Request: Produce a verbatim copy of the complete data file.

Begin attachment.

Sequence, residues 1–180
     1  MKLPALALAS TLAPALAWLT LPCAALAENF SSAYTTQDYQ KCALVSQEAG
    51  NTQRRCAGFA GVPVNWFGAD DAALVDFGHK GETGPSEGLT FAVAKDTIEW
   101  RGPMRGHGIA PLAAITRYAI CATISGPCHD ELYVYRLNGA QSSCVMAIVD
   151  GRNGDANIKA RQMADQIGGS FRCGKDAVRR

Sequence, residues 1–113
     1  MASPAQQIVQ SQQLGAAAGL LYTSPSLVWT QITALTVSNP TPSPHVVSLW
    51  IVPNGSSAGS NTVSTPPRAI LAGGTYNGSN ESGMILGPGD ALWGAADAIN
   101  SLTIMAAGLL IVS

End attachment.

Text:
Sequence, residues 1–180
     1  MKLPALALAS TLAPALAWLT LPCAALAENF SSAYTTQDYQ KCALVSQEAG
    51  NTQRRCAGFA GVPVNWFGAD DAALVDFGHK GETGPSEGLT FAVAKDTIEW
   101  RGPMRGHGIA PLAAITRYAI CATISGPCHD ELYVYRLNGA QSSCVMAIVD
   151  GRNGDANIKA RQMADQIGGS FRCGKDAVRR

Sequence, residues 1–113
     1  MASPAQQIVQ SQQLGAAAGL LYTSPSLVWT QITALTVSNP TPSPHVVSLW
    51  IVPNGSSAGS NTVSTPPRAI LAGGTYNGSN ESGMILGPGD ALWGAADAIN
   101  SLTIMAAGLL IVS